|The provincial Progressive Conservatives face the prospect of losing the next election, with confidence in Mike Harris at its lowest level since he became premier in 1995, a new poll shows.
Harris is now highly trusted by barely 30 per cent of decided voters, down from 40 per cent in January, 1999.
Adding to Harris' worries, the poll found the Conservatives trailing the Liberals under leader Dalton McGuinty by a whopping 20 percentage points in the crucial 905 belt around Toronto.
In the 1999 election, the Tories routed the Liberals in the region.
In Toronto, The Tories trail the Liberals by 34 percentage points.
``There are increasing signs that Harris will be deposed in the next election,'' said Frank Graves, president of EKOS Research Associates.
``The Tories have reason for serious concern'' about their re-election chances, he added.
The Toronto Star/CBC/La Presse poll, conducted by EKOS, shows the Liberals with 50.4 per cent support, the Conservatives with 35.2 per cent, and the New Democrats with 9.5 per cent.
Those results are virtually unchanged from polls done over the last 18 months.
Some 20 per cent of those surveyed said they are undecided about who they'd vote for. The poll is based on telephone interviews with 889 Ontario voters from July 26 to Aug. 29. The poll is considered accurate within 3.3 percentage points 19 times out of 20.
Harris should be worried for several key reasons, Graves said.
The Liberals have sustained their huge lead over the Tories for well over a year, voters increasingly distrust Harris and they are now blaming him rather than Prime Minister Jean Chrétien for the crisis in health care, he said.
The poll shows the Liberals have maintained an advantage of approximately 15 points over the Tories for some 18 months.
It will be extremely difficult, but not impossible, for the Conservatives to close the gap before the next election, expected in 2003, EKOS senior director Christian Boucher said.
``It's obviously a significant gap and it will be difficult for the Harris government to close that gap. But it doesn't mean that it's game over for the Harris government,'' Boucher added.
The Tories like to comfort themselves with the knowledge that mid-term polls are usually bad news for governing parties.
And while Boucher acknowledged that is true, he said the gaps in such polls are usually much smaller.
On health care, 60 per cent of Ontarians continue to believe service in this sector is declining, and they now blame Harris rather than Chrétien for it.
Graves attributed the decline in ``trust'' numbers for Harris on the Premier's musings about privatization of health care.
Harris has likely misread polls that say Ontarians are open to wide-scale private health care, he said.
The poll found 30 per cent have high trust in Harris, 18 per cent have moderate trust while 51 per cent have low trust.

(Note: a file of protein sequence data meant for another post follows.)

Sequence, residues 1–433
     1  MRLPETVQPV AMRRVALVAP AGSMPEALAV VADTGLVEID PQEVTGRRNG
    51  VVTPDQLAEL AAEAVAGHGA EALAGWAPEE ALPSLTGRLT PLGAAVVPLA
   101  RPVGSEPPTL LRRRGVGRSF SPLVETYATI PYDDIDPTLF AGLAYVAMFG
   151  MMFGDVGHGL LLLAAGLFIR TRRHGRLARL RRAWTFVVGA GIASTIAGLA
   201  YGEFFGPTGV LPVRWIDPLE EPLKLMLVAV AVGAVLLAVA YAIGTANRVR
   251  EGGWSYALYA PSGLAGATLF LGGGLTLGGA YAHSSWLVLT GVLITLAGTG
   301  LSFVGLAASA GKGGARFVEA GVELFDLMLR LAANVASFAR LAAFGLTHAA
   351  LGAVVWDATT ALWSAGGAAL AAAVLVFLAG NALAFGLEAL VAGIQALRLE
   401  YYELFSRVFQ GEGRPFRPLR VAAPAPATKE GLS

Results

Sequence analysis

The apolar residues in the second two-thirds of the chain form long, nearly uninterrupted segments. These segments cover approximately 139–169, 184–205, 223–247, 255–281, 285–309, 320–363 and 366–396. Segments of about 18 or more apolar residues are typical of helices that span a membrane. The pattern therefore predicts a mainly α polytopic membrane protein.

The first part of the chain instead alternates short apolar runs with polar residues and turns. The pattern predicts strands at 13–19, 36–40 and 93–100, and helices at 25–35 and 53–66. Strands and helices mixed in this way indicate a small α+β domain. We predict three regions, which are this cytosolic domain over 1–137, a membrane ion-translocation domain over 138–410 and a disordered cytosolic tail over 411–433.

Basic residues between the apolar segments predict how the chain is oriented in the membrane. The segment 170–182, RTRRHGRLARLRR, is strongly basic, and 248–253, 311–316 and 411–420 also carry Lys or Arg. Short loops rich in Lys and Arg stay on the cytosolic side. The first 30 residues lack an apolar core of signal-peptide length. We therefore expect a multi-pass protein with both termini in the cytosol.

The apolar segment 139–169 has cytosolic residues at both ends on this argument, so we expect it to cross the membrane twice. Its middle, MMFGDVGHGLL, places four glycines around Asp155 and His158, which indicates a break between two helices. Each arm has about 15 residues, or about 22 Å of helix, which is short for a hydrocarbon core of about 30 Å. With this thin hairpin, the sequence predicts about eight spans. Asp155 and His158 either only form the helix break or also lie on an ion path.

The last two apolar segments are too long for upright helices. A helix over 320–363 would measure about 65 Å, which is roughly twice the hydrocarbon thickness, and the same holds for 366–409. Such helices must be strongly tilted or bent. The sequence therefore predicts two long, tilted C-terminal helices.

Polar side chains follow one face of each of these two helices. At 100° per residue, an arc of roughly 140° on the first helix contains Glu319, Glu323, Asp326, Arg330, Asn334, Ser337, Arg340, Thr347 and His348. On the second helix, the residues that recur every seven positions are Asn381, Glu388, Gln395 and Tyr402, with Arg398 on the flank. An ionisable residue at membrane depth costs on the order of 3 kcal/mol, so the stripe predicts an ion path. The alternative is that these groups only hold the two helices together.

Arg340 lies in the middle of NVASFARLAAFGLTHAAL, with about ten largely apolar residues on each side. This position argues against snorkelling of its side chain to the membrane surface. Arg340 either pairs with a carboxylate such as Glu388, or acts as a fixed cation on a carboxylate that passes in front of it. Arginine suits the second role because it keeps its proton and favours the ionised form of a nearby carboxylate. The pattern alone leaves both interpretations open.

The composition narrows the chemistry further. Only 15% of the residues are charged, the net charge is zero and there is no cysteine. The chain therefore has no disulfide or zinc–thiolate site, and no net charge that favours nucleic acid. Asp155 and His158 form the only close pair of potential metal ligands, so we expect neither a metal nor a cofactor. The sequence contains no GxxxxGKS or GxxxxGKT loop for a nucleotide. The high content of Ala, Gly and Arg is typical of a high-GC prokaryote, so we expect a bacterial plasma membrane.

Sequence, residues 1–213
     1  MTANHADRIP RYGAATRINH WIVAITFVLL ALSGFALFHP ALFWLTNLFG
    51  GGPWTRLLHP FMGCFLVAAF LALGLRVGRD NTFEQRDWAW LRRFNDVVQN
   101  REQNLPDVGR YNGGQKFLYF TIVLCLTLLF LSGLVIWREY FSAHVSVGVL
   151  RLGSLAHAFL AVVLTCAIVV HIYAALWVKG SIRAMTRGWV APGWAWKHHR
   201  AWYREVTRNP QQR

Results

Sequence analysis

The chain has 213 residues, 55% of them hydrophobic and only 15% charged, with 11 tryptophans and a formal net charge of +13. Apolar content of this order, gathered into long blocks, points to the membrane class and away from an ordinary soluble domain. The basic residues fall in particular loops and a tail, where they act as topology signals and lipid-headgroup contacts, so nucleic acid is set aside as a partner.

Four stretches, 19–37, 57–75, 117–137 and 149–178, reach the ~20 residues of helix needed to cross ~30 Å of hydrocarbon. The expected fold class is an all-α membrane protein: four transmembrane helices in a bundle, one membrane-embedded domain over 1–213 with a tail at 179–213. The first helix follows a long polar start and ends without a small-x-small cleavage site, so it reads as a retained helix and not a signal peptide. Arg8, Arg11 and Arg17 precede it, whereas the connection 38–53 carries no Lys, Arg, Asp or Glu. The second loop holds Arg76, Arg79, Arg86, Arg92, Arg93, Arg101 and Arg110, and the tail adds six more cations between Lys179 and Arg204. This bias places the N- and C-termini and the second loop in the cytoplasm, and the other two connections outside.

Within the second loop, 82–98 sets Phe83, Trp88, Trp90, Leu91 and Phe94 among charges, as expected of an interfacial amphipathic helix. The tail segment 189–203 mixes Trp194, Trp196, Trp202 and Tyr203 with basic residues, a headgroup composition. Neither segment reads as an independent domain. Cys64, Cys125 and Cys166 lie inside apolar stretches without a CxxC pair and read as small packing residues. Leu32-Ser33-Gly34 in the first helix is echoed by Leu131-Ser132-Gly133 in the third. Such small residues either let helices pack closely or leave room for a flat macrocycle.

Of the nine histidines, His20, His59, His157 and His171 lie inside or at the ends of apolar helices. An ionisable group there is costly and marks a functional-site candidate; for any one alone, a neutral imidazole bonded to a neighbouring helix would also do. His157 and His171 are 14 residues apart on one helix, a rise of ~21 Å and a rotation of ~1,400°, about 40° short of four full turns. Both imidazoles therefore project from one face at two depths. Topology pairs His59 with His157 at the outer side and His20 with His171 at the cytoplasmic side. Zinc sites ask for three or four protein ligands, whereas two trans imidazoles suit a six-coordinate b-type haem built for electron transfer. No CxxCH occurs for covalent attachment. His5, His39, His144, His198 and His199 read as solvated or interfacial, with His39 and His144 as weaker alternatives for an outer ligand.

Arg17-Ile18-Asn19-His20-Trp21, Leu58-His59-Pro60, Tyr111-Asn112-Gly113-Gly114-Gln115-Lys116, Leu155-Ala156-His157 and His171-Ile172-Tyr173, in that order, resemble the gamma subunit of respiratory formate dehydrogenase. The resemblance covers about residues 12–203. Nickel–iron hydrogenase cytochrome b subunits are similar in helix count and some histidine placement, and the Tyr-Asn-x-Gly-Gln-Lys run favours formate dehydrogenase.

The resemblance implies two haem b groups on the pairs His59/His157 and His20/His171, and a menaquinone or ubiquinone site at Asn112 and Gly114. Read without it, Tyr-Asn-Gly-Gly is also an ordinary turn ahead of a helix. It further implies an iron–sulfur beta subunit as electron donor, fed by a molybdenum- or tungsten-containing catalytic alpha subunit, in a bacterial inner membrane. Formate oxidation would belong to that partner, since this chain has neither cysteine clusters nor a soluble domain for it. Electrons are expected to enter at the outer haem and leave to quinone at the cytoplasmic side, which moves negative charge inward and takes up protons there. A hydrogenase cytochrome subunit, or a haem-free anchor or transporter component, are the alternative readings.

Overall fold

By comparison, the poll found that nationally 45 per cent have high trust in Chrétien, while 17 per cent have moderate trust.
The poll didn't measure trust in McGuinty.
The poll shows Harris is in trouble in all regions of the province and is lagging behind McGuinty with a 34-point gap in Toronto and a 20-point gap in the critical 905 region.
The polling results for the 905 area code are a reversal in fortunes for the two major parties.
``The advantage the Ontario Conservatives had (in the 905 area) was extremely high,'' Boucher said.
``Now what we're seeing is basically the reverse.''
Voters are suffering from ``PC fatigue,'' he said.
``People are perhaps tired of the neo-conservative policies and the reforms that were made in some of the key sectors,'' Boucher explained, citing health care, education and the environment.
High on respondents' minds at the time was Harris' June appearance before the Walkerton inquiry which probed the community's tainted water tragedy that left seven people dead and made 2,300 sick in May, 2000.
During his testimony, Harris repeatedly denied that he was aware of the risks to public health when, to save money, his government dismantled policies protecting local water.
``It wasn't a story where the Conservatives scored points,'' Boucher said.
The EKOS poll showed that women and young people are two-to-three times more likely to support the Liberals than the Tories.
``Women are extremely angry at the Conservatives,'' Boucher said.
Some 55 per cent of female respondents rated their trust in Harris as ``low.'' For men, that number was 47 per cent.
For voters aged 25 and under, 62 per cent support the Liberals while 23 per cent back the Tories and 6 per cent the New Democratic Party.
And for voters aged 65 and over, 44 per cent back the Tories, 43 per cent support the Liberals, and 10 per cent back the NDP.
The poll results show that the NDP has the support of 9.5 per cent of decided voters, revealing a small but steady decline from 14 per cent in May, 1999.
``It's not a positive trend for the NDP. It's not a party that has a strong provincial presence,'' Boucher said.
``People don't think it's an extremely relevant party.''
``(NDP leader Howard) Hampton is not the most charismatic leader, but at the same time there's some problems with the party's platform,'' he added.
`It's obviously a significant gap and it will be difficult for the Harris government to close that gap. But it doesn't mean that it's game over for the Harris government.'
|Senior director, EKOS Research Associates |